By John Greenewald, Jr. – The Black Vault – Originally Published February 19, 2020

Dr. Charles J. Stahl III

His name was Charles J. Stahl. He had a long and successful career, which included being the Chairman of the Department of Laboratory Medicine at the Naval Medical Center in Bethesda, Maryland; Chief of Laboratory Service for the Tennessee V.A.; Assistant Chief Medical Examiner for the State of Tennessee; Chief of Staff at the VA hospital at Wright State University; Deputy Medical Inspector for the Naval Medical Research Institute; then he would ultimately serve as the Chief Armed Forces Medical Examiner where he remained until he retired in 1996. His personal files reside at the National Museum of Health and Medicine, and in between boxes of material which includes legal case files, certificates, awards, office files, and pathology reports – is something you might not expect. One single entry in Box 008, sub box 00001, is something simply titled “UFO Article.”

On September 6, 2019, a Freedom of Information Act (FOIA) request was filed with the Defense Health Agency (DHA) to try and track down the record. The DHA is the office responsible for overseeing the records contained within the Charles J. Stahl Collection at the National Museum of Health and Medicine.

On February 18th, 2020, the DHA released the article within the collection, as requested. This was it:


Weekly World News UFO Articles (Original Scan from Stahl Collection) dated Nov 29, 1994. (Find a more readable copy below)

The question arises why is it there? In a collection full of what you likely see within the files of someone holding the job titles they did, there was only one single article relating to UFOs, and from the Weekly World News, no less.

The article was a typical tabloid UFO story. It alleged that Flight 427, which crashed on September 8, 1994, killing 132 people, was brought down by a collision with a UFO. In the write-up, an unnamed National Transportation Safety Board (NTSB) investigator stated it was potentially a collision with an unknown vehicle in the sky that brought the plane down. This was supported by a mysterious note that was found at the crash site. Charred and burned, the note was still legible. It read, “Massive, glowing… as big as a house. Oh my God! It’s going to hit!”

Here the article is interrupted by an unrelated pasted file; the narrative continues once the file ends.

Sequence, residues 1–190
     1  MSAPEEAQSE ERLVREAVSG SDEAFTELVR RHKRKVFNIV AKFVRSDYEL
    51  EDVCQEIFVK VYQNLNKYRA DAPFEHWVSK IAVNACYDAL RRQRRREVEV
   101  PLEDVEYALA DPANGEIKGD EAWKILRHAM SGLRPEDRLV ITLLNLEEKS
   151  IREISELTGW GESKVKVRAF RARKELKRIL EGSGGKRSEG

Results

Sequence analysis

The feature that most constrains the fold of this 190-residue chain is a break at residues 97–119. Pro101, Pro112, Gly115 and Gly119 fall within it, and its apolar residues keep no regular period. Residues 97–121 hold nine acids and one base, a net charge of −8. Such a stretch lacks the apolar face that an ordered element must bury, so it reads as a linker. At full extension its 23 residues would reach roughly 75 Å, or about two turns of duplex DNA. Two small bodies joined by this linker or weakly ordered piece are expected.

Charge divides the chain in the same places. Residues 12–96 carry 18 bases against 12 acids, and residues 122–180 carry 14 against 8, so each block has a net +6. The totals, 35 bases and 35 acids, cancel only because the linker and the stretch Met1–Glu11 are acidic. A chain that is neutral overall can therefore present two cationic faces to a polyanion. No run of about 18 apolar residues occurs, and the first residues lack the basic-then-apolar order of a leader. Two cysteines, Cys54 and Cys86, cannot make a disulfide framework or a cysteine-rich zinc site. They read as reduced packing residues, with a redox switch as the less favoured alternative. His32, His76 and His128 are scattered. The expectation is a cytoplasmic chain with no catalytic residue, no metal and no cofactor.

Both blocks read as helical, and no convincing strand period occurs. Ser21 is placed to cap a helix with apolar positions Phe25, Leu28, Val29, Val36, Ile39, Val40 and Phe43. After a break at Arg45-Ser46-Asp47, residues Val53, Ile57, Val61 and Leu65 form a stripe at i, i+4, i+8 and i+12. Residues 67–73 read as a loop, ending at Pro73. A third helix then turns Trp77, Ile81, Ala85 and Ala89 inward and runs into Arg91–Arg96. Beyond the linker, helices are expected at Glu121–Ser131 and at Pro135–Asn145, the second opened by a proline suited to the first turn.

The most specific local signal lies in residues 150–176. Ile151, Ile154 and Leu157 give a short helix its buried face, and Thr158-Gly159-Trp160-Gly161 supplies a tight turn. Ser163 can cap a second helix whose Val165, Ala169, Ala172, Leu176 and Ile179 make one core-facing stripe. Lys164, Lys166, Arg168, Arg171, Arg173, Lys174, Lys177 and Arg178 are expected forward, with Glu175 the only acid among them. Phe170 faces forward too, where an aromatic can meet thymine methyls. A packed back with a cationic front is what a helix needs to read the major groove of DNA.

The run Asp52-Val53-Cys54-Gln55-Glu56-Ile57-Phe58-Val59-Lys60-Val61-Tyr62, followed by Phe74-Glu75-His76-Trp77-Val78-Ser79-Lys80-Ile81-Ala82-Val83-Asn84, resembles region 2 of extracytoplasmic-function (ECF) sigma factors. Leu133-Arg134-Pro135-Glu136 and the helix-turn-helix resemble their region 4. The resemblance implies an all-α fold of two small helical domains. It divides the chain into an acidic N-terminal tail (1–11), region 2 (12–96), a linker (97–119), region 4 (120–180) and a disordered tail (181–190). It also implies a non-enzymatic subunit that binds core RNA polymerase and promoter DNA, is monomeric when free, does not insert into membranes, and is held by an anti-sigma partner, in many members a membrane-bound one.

UFO researcher by the name of Phil Brunei was then brought into the story who supported the theory. He called on President Bill Clinton to get involved in the investigation and deal with what could be “starship traffic.”

“We call on President Clinton to take a leadership role in this matter,” Brunei told the Weekly World News. “If a starship or UFO had something to do with the crash, it is incumbent upon him to formulate a national policy to deal with starship traffic in U.S. air space.”

So what in the world out of this article, prompted the Chief Armed Forces Medical Examiner to save it in his collection of papers? The answer to that, may never be known. Stahl passed away on March 1, 2016, and he took with him whatever it was about this article, that prompted him to save it.


November 27, 1979, National Enquirer article found within the National Security Agency (NSA) files.

This story is reminiscent to the discovery of a National Enquirer UFO article within the holdings of the National Security Agency (NSA). “Govt.’s Super-Secret Security Agency Warns: Take UFOs Seriously or Be Prepared for Sneak Invasion by Space Aliens” by Thomas L. Muldoon was oddly found within the secret spy agency’s holdings. However, the article itself was about the NSA, therefore, it made sense that they may hold on to it or an NSA employee decided to clip it and keep it on their desk.

This Weekly World News article found within the Stahl collection? A tabloid often filled with fake news and doctored photos? Shows no connection to anything that he would be interested in, other than, possibly the incident itself.

The reasoning for the existence of the file is pure speculation, but the fact remains, he felt a need to save it.

As the topic of Unidentified Aerial Phenomena (UAP) (the hip new 21st century way to refer to UFOs) continues to make headlines, there is no denying that whatever UFOs really are, they could present a danger in the skies to our normal air traffic. The final question may simply just be, did the Chief Armed Forces Medical Examiner at the time know this fact 26 years before it would finally become a serious topic of debate?

Or, maybe it was just a joke.

** Special thanks to The Black Vault visitor “Prof. Heinous” for submitting the Stahl Collection as a lead!

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The above is the original scan as released via FOIA. But, for some, it may be hard to read. So, I tracked down a better scan of the Weekly World News article, which can be viewed below.


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